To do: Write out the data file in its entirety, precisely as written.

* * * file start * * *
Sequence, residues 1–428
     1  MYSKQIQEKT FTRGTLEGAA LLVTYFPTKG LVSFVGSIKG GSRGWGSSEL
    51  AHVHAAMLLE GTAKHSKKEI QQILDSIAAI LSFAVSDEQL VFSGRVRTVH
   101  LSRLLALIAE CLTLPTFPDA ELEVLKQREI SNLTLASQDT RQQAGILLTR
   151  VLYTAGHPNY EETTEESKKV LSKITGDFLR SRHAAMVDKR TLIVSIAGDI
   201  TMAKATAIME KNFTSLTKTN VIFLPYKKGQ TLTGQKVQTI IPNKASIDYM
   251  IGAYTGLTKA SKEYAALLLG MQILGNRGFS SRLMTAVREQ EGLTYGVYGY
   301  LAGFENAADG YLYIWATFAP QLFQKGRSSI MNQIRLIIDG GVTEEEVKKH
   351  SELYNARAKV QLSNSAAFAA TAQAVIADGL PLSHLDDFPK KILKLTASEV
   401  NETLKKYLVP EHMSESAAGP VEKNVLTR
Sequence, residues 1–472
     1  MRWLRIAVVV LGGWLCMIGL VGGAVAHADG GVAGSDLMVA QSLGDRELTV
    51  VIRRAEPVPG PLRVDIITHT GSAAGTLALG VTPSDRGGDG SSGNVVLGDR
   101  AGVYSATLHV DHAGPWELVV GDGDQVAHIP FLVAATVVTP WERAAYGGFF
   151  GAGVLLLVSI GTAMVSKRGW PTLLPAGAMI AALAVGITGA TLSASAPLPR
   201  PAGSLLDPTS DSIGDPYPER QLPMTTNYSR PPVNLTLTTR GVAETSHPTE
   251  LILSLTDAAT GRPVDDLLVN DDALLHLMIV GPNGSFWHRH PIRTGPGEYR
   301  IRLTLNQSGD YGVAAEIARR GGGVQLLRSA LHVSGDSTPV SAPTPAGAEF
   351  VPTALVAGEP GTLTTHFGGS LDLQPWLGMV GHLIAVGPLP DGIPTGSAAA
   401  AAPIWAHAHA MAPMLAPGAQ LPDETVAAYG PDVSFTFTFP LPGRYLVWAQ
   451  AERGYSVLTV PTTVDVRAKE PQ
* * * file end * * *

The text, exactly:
Sequence, residues 1–428
     1  MYSKQIQEKT FTRGTLEGAA LLVTYFPTKG LVSFVGSIKG GSRGWGSSEL
    51  AHVHAAMLLE GTAKHSKKEI QQILDSIAAI LSFAVSDEQL VFSGRVRTVH
   101  LSRLLALIAE CLTLPTFPDA ELEVLKQREI SNLTLASQDT RQQAGILLTR
   151  VLYTAGHPNY EETTEESKKV LSKITGDFLR SRHAAMVDKR TLIVSIAGDI
   201  TMAKATAIME KNFTSLTKTN VIFLPYKKGQ TLTGQKVQTI IPNKASIDYM
   251  IGAYTGLTKA SKEYAALLLG MQILGNRGFS SRLMTAVREQ EGLTYGVYGY
   301  LAGFENAADG YLYIWATFAP QLFQKGRSSI MNQIRLIIDG GVTEEEVKKH
   351  SELYNARAKV QLSNSAAFAA TAQAVIADGL PLSHLDDFPK KILKLTASEV
   401  NETLKKYLVP EHMSESAAGP VEKNVLTR
Sequence, residues 1–472
     1  MRWLRIAVVV LGGWLCMIGL VGGAVAHADG GVAGSDLMVA QSLGDRELTV
    51  VIRRAEPVPG PLRVDIITHT GSAAGTLALG VTPSDRGGDG SSGNVVLGDR
   101  AGVYSATLHV DHAGPWELVV GDGDQVAHIP FLVAATVVTP WERAAYGGFF
   151  GAGVLLLVSI GTAMVSKRGW PTLLPAGAMI AALAVGITGA TLSASAPLPR
   201  PAGSLLDPTS DSIGDPYPER QLPMTTNYSR PPVNLTLTTR GVAETSHPTE
   251  LILSLTDAAT GRPVDDLLVN DDALLHLMIV GPNGSFWHRH PIRTGPGEYR
   301  IRLTLNQSGD YGVAAEIARR GGGVQLLRSA LHVSGDSTPV SAPTPAGAEF
   351  VPTALVAGEP GTLTTHFGGS LDLQPWLGMV GHLIAVGPLP DGIPTGSAAA
   401  AAPIWAHAHA MAPMLAPGAQ LPDETVAAYG PDVSFTFTFP LPGRYLVWAQ
   451  AERGYSVLTV PTTVDVRAKE PQ